Performance, Performance Per Dollar, Noise And Efficiency Ratings
The following graph shows the TPG-1200D-P's total performance rating, comparing it to other units we have tested in the past. To be more specific, the tested unit is shown as 100 percent and every other unit's performance is shown relative to it.
This is a good performer. Unfortunately for Thermaltake, the competition is very tough. With better ripple suppression on the +12V and 3.3V rails, the TPG-1200D-P would earn a notably higher relative performance score, likely landing on par with the Rosewill and be quiet! units.
Performance Per Dollar
The following chart may be the most interesting to many of you because it depicts the TPG-1200D-P's performance-per-dollar score. We looked up the current price of each PSU on popular online shops and used those prices and all relative performance numbers to calculate the index. If the specific unit wasn't available in the United States, we searched for it in popular European Union shops, converting the listed price to USD (without VAT). Note that all of the numbers in the following graph are normalized by the rated power of each PSU.
A high price and merely modest performance drop Thermaltake's contender to the bottom of this chart. If it wants to rank higher, Thermaltake needs to hit a lower price point among strong competition.
The graph below depicts the cooling fan's average noise over the PSU's operating range, with an ambient temperature between 28 degrees C and 30 degrees C (82 degrees F to 86 degrees F).
Only the Dark Power P11-1200 offers noticeably quieter operation than Thermaltake's TPG-1200D-P.
Under light and moderate loads, the TPG-1200D-P is silent. However, if you push it hard, the fan gets uncomfortably loud, reaching (and then exceeding under full load) 50 dB(A).
The following graph shows the PSU's average efficiency throughout its operating range, with an ambient temperature between 28 degrees C and 30 degrees C.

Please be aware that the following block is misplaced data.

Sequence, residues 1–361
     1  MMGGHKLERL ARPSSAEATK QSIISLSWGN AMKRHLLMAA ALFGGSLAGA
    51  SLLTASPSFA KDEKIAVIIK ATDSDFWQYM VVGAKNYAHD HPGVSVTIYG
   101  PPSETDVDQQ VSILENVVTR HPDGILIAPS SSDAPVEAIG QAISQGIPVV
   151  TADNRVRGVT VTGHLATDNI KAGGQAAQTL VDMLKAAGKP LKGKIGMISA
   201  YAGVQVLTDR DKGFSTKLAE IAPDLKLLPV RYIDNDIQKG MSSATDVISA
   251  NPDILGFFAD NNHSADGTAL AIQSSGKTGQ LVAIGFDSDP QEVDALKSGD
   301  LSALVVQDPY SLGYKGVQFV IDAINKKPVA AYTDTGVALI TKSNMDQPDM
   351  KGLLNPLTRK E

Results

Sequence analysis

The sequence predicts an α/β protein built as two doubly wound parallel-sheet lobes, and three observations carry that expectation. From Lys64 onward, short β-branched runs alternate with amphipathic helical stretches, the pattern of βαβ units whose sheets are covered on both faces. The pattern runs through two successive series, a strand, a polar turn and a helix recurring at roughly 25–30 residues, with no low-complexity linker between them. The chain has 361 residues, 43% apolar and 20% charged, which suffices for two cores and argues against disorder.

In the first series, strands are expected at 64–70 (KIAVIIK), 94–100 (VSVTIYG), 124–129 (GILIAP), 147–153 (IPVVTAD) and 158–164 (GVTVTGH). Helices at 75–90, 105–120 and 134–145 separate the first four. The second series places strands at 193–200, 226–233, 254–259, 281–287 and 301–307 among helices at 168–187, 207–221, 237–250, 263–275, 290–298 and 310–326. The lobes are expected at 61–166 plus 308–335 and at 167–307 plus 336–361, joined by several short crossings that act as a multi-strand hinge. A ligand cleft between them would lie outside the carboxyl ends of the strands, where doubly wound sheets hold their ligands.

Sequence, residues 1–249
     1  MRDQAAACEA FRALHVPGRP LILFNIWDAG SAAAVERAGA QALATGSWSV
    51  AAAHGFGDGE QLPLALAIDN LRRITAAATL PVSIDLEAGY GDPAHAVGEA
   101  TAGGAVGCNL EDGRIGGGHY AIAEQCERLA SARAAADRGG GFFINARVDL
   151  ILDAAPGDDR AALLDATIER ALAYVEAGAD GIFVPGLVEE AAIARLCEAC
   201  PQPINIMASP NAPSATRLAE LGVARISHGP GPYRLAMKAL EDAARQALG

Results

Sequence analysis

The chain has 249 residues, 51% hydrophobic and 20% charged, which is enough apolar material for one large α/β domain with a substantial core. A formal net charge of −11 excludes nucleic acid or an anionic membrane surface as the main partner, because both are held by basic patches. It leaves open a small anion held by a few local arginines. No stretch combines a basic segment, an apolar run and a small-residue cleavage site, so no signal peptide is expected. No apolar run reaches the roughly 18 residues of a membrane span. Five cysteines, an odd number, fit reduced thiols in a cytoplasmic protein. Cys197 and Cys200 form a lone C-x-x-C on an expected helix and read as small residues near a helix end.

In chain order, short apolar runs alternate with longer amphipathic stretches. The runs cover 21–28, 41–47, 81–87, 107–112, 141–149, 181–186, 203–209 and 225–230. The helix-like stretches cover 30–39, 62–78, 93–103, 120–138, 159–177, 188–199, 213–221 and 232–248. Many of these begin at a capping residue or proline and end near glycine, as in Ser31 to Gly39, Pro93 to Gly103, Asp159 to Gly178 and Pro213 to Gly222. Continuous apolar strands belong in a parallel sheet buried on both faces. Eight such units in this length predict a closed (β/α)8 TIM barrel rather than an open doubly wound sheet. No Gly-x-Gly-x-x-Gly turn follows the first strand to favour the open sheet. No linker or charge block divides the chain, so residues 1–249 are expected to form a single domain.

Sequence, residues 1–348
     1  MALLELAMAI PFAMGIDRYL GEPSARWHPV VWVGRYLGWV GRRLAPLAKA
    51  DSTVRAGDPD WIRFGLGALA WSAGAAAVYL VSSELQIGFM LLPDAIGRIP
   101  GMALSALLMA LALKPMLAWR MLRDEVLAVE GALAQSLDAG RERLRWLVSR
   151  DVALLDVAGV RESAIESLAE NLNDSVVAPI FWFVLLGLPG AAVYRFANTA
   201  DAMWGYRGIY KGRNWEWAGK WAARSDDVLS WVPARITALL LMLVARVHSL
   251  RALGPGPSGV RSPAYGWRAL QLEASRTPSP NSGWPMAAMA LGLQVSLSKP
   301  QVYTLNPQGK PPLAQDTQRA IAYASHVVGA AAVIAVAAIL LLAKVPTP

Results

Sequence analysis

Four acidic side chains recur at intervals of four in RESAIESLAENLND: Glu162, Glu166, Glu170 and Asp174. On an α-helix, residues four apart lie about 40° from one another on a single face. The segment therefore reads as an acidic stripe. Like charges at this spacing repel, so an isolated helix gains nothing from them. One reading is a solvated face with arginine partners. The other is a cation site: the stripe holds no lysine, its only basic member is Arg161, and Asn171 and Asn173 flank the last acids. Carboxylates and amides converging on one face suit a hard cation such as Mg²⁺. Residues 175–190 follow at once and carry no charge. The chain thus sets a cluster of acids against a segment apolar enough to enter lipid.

Efficiency is on par with competing Platinum-rated PSUs. Thermaltake's TPG-1200D-P fares well here.
"※Note: The Adobe Flash Player ActiveX 20.0.0 version or above might NOT be compatible DPS G PC App."
"※Note: The DPS G PC App requires Adobe Flash Player Version 188.8.131.520 or above and Microsoft .NET Version 4.5 or above."
:lol: It would be great for litecoining machines. :)
In my case, I had no Flash on my system at all. I consider it dangerous and useless. But in order to operate DPSApp I first installed the latest version of Flash and the DPSApp crashes every time i try to open the GUI. Only on the v15 I manage to make it work. :sarcastic:
Why? It is the standby power? What modern system needs more than 15W standby?
it failed the hold up requirement, regulation and ripple is mediocre at best, it's hideous and single rail designs really need to go from PSUs this powerful. 100 amperes is enough to arc weld! if the DSP malfunctions and send 100 amps down your motherboard or GPU, it'll set your house on fire. this isn't really a problem with old school analog designs. but with anything digitally controlled, bugs are always a concern.
AX1200i is a way better performer in pretty much every metric, has a 10 year warranty these days, and individually sleeved cables are relatively cheap and readily available.